Situational analysis of infant and young child nutrition policies and programmatic activities in Burkina Faso

Authors


  • Financial support, in alphabetical order: Food and Agriculture Organization of the United Nations, Helen Keller International, Micronutrient Initiative, Save the Children, United Nations Children's Fund, United Nations World Food Programme and the World Health Organization.

Sara E. Wuehler, Helen Keller International, BP 29898, Dakar-Yoff, Senegal. E-mail: swuehler@hki.org

Abstract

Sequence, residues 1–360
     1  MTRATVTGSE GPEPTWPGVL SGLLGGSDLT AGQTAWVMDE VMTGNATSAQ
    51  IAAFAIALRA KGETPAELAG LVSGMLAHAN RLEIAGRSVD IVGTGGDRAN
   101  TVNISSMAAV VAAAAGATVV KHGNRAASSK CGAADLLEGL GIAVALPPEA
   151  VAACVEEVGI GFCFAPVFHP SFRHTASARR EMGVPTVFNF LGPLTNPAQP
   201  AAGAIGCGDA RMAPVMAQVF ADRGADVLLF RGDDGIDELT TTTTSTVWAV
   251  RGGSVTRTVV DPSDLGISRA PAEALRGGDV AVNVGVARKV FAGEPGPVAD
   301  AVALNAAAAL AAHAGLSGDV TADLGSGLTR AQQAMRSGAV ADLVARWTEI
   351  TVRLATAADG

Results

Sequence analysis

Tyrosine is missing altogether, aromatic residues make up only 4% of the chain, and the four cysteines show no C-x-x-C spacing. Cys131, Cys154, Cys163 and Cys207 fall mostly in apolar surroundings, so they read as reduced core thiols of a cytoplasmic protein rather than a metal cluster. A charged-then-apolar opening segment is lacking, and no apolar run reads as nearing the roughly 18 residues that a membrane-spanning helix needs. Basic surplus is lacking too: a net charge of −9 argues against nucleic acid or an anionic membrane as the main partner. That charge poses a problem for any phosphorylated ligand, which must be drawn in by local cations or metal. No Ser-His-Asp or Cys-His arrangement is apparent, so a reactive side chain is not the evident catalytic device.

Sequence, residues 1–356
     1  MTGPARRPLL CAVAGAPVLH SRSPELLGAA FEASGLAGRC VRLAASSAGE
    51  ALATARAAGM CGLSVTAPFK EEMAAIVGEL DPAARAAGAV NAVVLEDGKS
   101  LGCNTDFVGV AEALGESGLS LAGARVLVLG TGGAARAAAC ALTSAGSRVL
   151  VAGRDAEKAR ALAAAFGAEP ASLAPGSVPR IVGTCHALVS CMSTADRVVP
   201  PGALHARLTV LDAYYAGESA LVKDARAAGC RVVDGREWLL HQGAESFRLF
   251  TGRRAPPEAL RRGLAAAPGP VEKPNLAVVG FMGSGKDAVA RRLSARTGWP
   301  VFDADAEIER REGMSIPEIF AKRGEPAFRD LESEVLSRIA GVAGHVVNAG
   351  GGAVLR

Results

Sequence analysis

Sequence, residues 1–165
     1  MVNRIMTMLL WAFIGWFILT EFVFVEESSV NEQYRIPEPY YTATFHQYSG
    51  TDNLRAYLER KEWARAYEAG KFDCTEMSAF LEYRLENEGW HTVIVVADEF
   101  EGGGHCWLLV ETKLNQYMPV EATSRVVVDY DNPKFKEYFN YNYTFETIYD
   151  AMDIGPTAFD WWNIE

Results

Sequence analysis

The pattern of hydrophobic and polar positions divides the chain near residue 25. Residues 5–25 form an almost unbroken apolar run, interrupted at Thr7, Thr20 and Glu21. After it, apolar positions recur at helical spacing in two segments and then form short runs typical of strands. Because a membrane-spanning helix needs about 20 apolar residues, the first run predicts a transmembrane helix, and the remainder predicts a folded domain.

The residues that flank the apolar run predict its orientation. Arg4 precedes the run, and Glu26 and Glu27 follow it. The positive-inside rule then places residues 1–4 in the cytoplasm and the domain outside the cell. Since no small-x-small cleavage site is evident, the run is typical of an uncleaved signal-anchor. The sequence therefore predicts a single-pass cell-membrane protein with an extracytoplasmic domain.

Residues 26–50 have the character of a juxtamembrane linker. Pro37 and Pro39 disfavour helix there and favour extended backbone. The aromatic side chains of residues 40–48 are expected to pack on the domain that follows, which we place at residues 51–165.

Progress towards reducing mortality and malnutrition among children < 5 years of age has been less than needed to achieve related Millennium Development Goals. Therefore, several international agencies joined to ‘Reposition children's right to adequate nutrition in the Sahel’, starting with an analysis of current activities related to infant and young child nutrition (IYCN). The objectives of the present paper are to compare relevant national policies, training materials, programmes, and monitoring and evaluation activities with internationally accepted IYCN recommendations. These findings are available to assist countries in identifying inconsistencies and filling gaps in current programming. Between August and November 2008, key informants responsible for conducting IYCN-related activities in Burkina Faso were interviewed, and 153 documents were examined on the following themes: optimal breastfeeding and complementary feeding practices, prevention of micronutrient deficiencies, screening and treatment of acute malnutrition, prevention of mother-to-child transmission of HIV, food security and hygienic practices. National policy documents addressed nearly all of the key IYCN topics, specifically or generally. Formative research has identified some local barriers and beliefs related to general breastfeeding and complementary feeding practices, and other formative research addressed about half of the IYCN topics included in this review. However, there was little evidence that this formative research was being utilized in developing training materials and designing programme interventions. Nevertheless, the training materials that were reviewed do provide specific guidance for nearly all of the key IYCN topics. Although many of the IYCN programmes are intended for national coverage, we could only confirm with available reports that programme coverage extended to certain regions. Some programme monitoring and evaluation were conducted, but few of these provided information on whether the specific IYCN programme components were implemented as designed. Most surveys that were identified reported on general nutrition status indicators, but did not provide the detail necessary for programme impact evaluations. The policy framework is well established for optimal IYCN practices, but greater resources and capacity building are needed to: (i) conduct necessary research and adapt training materials and programme protocols to local needs; (ii) improve, carry out, and document monitoring and evaluation that highlight effective and ineffective programme components; and (iii) apply these findings in developing, expanding, and improving effective programmes.

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